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Riding Out the G20 Judicial Roller-Coaster

Issue: 73 Section: Canadian News Geography: Canada Topics: G20 defendants, Justice, prison

November 10, 2010

Riding Out the G20 Judicial Roller-Coaster

Hundert threatened with solitary, Rainville released, Ichim's charges dropped

by Nat Gray

A press scrum in Montreal after the announcement that charges against nearly 100 people—arrested at the University of Toronto during the G20—were dropped. Photo: CLAC

MONTREAL—The fence has come down, the police have returned to their respective cities and the G20 leaders have gone home, but the saga of arrestees continues. While charges in some of the most spectacular arrests have now been dropped, others are just beginning to face the repercussions of the G20 convergence in Toronto.

In the latest arrest on October 14, Montrealer Youri Couture turned himself in to Toronto police. He faces several charges, including mischief over $5,000 and disguise with intent.

Ryan Rainville, a young Indigenous rights advocate from the Sakimay Nation, was released from prison yesterday after spending nearly three months in jail. In early August, while out on bail for other G20-related charges for which he had spent six days in jail in June, he was re-arrested for allegedly causing mischief over $5,000, assaulting a police officer, intimidating a justice system participant by violence and breaching his bail conditions.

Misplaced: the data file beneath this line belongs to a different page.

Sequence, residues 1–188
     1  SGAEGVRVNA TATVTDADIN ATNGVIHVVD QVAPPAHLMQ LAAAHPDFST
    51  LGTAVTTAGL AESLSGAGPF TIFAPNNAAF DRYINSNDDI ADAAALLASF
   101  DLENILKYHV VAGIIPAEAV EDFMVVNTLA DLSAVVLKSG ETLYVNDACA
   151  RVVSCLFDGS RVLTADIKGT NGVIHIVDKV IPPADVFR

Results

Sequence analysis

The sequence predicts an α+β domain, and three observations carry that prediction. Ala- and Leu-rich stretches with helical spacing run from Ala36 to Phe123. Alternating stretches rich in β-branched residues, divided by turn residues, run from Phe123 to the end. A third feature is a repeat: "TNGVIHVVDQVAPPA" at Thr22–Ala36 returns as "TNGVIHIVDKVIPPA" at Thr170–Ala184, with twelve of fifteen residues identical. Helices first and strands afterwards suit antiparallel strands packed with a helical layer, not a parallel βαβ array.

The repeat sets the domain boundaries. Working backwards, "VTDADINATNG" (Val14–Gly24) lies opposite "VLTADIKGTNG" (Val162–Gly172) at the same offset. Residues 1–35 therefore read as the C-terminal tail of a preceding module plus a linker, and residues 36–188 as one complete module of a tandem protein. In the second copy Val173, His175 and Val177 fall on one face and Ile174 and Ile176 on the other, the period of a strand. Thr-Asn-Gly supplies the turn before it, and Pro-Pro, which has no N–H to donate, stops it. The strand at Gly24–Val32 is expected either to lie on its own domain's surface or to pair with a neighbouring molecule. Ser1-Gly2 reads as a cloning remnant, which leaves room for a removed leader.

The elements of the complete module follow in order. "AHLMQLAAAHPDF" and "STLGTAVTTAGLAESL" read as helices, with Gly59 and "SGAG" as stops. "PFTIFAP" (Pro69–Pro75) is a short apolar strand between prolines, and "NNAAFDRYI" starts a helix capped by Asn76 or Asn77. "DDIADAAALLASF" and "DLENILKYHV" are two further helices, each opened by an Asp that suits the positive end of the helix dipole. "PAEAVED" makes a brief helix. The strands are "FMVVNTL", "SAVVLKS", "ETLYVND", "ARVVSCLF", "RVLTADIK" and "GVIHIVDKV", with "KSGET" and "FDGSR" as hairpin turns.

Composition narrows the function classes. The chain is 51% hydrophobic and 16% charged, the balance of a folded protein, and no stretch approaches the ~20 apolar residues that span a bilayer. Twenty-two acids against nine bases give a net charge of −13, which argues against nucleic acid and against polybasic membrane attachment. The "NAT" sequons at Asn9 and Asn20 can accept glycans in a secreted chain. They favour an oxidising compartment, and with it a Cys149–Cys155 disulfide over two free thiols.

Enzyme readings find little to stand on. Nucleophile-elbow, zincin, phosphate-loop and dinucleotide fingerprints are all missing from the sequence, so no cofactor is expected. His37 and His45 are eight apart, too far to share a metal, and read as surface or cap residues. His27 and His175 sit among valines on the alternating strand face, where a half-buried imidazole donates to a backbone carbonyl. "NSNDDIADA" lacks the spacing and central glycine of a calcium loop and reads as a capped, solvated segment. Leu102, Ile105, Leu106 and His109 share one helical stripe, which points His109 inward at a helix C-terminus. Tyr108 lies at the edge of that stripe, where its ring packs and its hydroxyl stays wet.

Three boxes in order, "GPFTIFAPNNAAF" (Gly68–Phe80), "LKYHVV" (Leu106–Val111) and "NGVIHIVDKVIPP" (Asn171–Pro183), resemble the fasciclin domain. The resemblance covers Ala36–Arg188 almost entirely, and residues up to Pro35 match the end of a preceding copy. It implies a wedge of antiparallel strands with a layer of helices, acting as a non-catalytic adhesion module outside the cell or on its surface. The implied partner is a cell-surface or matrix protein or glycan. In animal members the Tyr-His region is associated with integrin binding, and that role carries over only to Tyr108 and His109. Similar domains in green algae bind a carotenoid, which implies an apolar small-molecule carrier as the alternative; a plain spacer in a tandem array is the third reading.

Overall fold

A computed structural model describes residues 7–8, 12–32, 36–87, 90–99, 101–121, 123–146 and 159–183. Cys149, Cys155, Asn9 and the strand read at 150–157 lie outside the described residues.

Rainville was released on non-association bail conditions which block him from contacting some other G20 defendants and community organizers. He will go to trial in early 2011. A week prior to his release, Rainville was offered release and a reduced sentence if he co-operated with G20 Integrated Security Unit officers in identifying individuals in photographs. He refused.

G20 defendant Alex Hundert was arrested for a third time, this time for allegedly attempting to intimidate a member of the judicial system. Hundert was arrested four days after he filed an application for a review of his most recent bail conditions, which included “no expressing of views on a political issue.”

After initially refusing the “no expressing of views” bail condition, Hundert was coerced by the security manager of the Toronto East Detention Centre into agreeing to it.

“They said that they would keep him [in solitary confinement] until he was eventually released from prison if he didn’t sign his bail conditions right away. He was not allowed to make a phone call,” said Jonah Hundert, Alex’s brother, in an interview with CBC.

Alex Hundert had been found by a Scarborough Justice of the Peace to have breached his "no-demonstration" bail condition on October 8, 2010, by speaking as an invited panelist at two university events.

Gary McCullough was arrested June 24, 2010, after police pulled him over and found a crossbow, a chainsaw and other outdoor equipment in his vehicle.

McCullough’s home in Haliburton County, Ontario, had burnt down, and his remaining possessions were in his car when he drove to Toronto to get his car window fixed. McCullough has spent most of the last three and a half months in solitary confinement before being assessed as unfit to stand trial, and now awaits transfer from prison to a psychiatric hospital.